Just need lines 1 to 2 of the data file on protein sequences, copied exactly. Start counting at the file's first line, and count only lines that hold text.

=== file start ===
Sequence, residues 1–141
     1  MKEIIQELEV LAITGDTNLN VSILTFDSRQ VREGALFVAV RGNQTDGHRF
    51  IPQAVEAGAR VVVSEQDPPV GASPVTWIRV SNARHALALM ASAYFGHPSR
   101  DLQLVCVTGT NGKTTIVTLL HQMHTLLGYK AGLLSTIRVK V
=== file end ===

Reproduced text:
Sequence, residues 1–141
     1  MKEIIQELEV LAITGDTNLN VSILTFDSRQ VREGALFVAV RGNQTDGHRF